Tight Junctions’ Role in Preventing Leaky Gut


Tight junctions, a type of epithelial cell, are fusions between plasma membranes (2009 Lecture, 2016).  They are composed of proteins and enhanced with cholesterol (Junctions Between Cells, 2016).  Healthy tight junctions cannot be permeated, preventing substances from floating between cells (Marieb, 2015). Instead of floating casually by the cells, substances must enter the cells using a multi-step process, which allows for greater control over what is allowed to enter the cell (Balda & Matter, 2008). Tight junctions also control movement out of a cell, which helps the cell maintain a state of homeostasis and prevents harmful materials from leaving the cell and entering the bloodstream (Junctions Between Cells, 2016).

You can find tight junctions hard at work all over the body. You’ll find tight junctions lining the brain, intestines, liver, bladder, and many other organs and tissues (2009 Lecture, 2016).  They are there to protect the organs and tissues from harmful materials in the body and prevent harmful materials from leaving these areas and getting into other parts of the body.  For example, in the small intestine, these junctions prevent digestive enzymes from seeping into the bloodstream (Junctions Between Cells, 2016).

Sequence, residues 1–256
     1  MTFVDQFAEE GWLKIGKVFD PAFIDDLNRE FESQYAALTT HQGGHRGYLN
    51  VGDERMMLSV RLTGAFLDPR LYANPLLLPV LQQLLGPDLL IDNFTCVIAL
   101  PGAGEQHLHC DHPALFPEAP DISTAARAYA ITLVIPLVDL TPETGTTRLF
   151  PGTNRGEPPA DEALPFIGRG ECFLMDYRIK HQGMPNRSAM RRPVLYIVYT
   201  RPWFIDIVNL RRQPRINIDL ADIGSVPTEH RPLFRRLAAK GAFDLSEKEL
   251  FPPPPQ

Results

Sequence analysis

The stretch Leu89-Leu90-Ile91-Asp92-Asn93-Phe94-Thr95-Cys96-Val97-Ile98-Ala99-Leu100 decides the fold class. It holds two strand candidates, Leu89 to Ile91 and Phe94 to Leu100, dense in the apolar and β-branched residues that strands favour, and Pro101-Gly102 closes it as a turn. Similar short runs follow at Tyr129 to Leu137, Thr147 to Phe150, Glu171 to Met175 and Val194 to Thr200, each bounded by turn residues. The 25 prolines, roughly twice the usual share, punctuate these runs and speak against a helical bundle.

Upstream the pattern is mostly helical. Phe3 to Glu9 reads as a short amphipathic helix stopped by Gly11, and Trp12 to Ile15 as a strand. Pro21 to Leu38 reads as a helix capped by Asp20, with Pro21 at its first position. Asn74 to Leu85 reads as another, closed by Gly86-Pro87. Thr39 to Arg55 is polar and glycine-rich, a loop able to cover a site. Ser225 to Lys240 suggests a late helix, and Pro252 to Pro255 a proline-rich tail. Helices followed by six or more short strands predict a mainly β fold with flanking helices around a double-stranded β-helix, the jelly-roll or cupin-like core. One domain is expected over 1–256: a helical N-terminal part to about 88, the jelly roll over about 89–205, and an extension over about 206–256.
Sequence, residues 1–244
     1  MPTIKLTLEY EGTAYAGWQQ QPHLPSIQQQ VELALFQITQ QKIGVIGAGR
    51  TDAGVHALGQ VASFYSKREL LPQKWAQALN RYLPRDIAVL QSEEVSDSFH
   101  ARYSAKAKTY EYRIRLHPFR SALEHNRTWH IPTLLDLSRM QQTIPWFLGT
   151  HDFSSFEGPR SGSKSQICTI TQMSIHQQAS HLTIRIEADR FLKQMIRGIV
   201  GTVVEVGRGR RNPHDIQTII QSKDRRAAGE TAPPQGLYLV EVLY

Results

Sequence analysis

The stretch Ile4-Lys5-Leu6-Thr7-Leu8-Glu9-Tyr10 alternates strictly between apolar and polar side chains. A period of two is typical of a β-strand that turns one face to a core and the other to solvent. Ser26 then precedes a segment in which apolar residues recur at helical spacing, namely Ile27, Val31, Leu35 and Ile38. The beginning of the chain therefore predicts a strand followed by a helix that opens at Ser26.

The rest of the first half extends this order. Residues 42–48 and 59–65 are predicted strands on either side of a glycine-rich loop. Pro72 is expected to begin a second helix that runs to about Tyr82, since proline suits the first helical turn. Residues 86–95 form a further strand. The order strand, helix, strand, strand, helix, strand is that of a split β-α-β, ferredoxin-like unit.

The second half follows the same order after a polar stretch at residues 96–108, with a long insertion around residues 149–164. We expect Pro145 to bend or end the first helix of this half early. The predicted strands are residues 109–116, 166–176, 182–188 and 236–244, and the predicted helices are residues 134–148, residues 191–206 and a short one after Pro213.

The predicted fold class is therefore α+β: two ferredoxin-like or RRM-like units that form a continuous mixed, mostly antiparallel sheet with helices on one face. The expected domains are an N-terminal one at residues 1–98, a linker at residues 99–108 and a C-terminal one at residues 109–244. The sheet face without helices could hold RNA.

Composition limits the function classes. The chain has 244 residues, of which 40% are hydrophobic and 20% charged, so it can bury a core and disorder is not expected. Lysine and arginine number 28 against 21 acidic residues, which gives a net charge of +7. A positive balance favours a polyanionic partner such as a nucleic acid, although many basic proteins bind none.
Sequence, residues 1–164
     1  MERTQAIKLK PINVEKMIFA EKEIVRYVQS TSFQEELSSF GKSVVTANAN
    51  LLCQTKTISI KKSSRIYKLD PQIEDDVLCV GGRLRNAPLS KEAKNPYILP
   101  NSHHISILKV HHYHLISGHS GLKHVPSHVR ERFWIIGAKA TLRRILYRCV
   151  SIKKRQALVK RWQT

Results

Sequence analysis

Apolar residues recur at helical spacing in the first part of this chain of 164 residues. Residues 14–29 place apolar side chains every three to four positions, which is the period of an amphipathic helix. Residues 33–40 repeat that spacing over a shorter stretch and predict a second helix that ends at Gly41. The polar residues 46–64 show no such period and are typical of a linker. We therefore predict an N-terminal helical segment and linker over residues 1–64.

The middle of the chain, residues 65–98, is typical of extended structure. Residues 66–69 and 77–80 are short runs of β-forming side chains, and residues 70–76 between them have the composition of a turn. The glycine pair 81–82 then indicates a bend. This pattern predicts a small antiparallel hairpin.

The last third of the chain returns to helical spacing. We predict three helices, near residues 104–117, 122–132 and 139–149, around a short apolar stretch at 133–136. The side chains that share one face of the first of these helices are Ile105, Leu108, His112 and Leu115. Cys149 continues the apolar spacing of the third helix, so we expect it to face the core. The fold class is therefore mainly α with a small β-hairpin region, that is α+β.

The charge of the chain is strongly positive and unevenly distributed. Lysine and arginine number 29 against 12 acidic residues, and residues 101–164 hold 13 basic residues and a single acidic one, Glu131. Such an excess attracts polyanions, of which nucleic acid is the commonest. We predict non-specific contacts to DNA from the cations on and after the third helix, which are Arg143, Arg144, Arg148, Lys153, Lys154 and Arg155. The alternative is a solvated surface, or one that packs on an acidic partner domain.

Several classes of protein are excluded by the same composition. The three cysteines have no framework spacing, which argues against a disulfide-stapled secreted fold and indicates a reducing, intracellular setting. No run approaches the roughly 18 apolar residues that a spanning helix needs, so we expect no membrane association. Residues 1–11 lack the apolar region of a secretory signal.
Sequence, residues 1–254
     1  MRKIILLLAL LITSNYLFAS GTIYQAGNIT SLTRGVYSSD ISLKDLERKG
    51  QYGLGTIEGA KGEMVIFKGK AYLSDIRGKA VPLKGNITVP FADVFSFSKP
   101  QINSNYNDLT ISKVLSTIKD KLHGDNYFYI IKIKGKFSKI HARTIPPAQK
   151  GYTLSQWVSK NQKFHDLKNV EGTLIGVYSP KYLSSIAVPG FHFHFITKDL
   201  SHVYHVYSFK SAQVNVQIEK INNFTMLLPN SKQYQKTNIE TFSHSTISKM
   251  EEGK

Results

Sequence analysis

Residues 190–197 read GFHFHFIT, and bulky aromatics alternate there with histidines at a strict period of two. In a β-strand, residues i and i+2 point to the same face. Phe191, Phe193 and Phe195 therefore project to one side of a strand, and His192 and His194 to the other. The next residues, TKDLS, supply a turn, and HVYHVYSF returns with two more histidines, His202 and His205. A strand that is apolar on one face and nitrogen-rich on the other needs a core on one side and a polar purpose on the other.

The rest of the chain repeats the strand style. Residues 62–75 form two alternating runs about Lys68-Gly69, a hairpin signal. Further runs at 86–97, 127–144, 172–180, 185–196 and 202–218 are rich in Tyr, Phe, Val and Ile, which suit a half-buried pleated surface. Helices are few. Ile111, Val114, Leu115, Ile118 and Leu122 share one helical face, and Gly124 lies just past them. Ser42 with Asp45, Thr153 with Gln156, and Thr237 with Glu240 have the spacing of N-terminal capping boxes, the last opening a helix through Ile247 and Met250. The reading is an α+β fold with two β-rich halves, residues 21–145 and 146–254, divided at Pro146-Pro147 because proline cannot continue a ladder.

One example of what might happen when tight junctions fail is commonly referred to as leaky gut disease.  This happens when tight junctions do not prevent digestive enzymes, bacteria, and other potentially harmful substances from exiting.  Those substances then enter into the bloodstream causing an array of problems.  Luckily, tight junctions are extremely committed cells, often sticking with its barrier duties until well after the cell it protects has been dead for quite a while (Tight Junctions, 2016).



2009 Lecture. (n.d.). Retrieved October 5, 2016 from the Cell Biology Wiki:  https://cellbiology.med.unsw.edu.au/cellbiology/index.php/2009_Lecture_8#Tight_Junctions

Balda, M. S. & Matter, K. (2008). Tight junctions at a glance. Journal of Cell Science, 121, 3677-3682.

Junctions Between Cells. (n.d.). In Biology-Pages. Retrieved from http://www.biology-pages.info/J/Junctions.html

Marieb, E. N. (2015). Essentials of Human Anatomy & Physiology. Boston: Pearson.

Tight Junctions (and other cellular connections). (n.d.). Retrieved October 5, 2016 from Epithelial Cells Wiki: http://www.bio.davidson.edu/bernd/Lab/EpithelialInfoWeb/Tight%20Junctions.html